With the cost of living rising significantly in Australia over the past 2 years, and many Australians reporting that they are struggling with the cost of housing, petrol and food, it will be important to monitor opinions and sentiment about health care affordability, and for policy settings to adjust accordingly if we are to realise our national commitment to universalism.
We know from analyses published over several years by the Organisation for Economic Cooperation and Development (OECD) that Australia has higher than the OECD average out-of-pocket health costs and this has been raised for several years in other reports. For example, variation in private specialists’ fees in Australia has been an ongoing debate. There appears to be no sound evidence or rationale for the variation, and no data linking higher quality of care with higher fees. Despite practical and implementable solutions being proposed, such as covering the cost of diagnostic services and funding telehealth joint consults between GPs and specialists to reduce referrals, we are yet to see a comprehensive strategic response from government to reduce out-of-pocket health care costs.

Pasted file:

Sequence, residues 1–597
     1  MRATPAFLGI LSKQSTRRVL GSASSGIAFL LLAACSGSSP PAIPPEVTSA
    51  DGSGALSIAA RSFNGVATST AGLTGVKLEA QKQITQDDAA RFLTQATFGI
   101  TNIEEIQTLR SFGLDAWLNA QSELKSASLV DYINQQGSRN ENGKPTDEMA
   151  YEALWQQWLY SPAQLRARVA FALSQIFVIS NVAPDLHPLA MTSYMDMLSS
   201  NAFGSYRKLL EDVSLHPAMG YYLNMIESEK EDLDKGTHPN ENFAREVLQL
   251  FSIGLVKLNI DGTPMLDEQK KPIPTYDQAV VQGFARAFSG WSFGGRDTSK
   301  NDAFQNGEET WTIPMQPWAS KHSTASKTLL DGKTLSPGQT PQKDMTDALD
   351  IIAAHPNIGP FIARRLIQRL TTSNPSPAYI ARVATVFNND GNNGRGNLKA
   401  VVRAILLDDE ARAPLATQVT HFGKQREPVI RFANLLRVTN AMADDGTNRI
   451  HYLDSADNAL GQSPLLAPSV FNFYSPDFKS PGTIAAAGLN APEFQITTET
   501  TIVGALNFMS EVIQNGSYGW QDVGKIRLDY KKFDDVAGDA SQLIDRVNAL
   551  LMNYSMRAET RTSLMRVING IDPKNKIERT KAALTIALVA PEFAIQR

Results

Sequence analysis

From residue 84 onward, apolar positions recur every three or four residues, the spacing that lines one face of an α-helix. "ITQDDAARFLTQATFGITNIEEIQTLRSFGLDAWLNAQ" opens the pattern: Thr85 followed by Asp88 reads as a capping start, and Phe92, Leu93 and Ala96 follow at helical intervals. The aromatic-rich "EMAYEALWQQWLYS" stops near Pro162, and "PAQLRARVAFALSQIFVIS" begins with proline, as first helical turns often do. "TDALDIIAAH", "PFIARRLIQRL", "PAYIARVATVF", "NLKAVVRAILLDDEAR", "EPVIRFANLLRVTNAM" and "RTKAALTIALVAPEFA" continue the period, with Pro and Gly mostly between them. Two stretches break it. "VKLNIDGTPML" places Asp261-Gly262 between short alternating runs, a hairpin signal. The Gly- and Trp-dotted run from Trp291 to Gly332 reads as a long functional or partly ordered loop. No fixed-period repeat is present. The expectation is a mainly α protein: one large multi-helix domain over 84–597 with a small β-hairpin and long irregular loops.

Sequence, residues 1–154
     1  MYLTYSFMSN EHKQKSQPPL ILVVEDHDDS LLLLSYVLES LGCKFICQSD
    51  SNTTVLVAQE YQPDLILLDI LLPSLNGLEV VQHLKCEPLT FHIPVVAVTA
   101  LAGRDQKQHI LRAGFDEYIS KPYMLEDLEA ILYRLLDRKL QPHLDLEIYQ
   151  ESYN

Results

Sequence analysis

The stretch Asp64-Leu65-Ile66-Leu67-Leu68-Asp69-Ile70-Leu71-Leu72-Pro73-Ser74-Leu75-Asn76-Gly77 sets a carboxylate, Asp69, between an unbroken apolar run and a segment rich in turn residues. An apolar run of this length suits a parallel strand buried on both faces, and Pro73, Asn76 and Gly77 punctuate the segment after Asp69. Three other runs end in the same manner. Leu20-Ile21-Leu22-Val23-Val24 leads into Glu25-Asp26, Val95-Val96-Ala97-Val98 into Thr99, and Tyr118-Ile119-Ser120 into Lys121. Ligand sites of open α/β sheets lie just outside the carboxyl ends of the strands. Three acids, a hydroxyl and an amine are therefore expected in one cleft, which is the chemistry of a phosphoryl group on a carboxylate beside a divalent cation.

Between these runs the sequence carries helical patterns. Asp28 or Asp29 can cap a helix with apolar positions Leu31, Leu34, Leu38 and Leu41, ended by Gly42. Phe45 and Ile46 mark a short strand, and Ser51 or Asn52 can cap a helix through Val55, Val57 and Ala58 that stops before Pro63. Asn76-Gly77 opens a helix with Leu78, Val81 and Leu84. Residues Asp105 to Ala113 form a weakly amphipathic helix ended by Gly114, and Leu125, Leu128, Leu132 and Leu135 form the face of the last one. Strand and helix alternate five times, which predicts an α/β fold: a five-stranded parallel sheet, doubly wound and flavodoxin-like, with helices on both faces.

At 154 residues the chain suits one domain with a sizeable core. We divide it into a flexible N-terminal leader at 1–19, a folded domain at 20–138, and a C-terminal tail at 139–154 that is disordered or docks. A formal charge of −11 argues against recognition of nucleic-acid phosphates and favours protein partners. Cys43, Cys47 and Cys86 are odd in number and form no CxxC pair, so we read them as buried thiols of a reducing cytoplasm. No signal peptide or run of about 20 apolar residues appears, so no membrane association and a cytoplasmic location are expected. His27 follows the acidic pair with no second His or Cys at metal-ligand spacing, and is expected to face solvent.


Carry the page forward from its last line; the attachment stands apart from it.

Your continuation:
The voice of health consumers is weakly embedded in many health systems. Health consumers are ready to engage, but it appears that health systems lag behind in forming genuine and productive partnerships with health consumers. The Australian Health Consumer Sentiment Survey, when repeated every 2 years, will provide a timely, rich and nuanced data source to inform policy, practice, and health system reform. Above all, what is needed is evidence-based decisive action under a cohesive strategy developed and co-designed with health consumers.
Our sincere appreciation goes to many people involved in this work, particularly Dr Louise Ellis, Dr K-lynn Smith, Genevieve Dammery, Chrissy Clay, James Ansell, and Jenna Gray and to all Australians who completed our survey: thank you sincerely for sharing your views with us.
Associate Professor Yvonne Zurynski is Associate Professor for Health System Sustainability at the Australian Institute of Health Innovation, Macquarie University, and co-lead for the Observatory on Health System Sustainability within the NHMRC Partnership Centre for Health System Sustainability
Leanne Wells is the Chief Executive Officer of the Consumers Health Forum of Australia.
Professor Jeffrey Braithwaite is the Founding Director of the Australian Institute of Health Innovation, Macquarie University, and leads the NHMRC Partnership Centre for Health System Sustainability.
The statements or opinions expressed in this article reflect the views of the authors and do not necessarily represent the official policy of the AMA, the MJA or InSight+ unless so stated.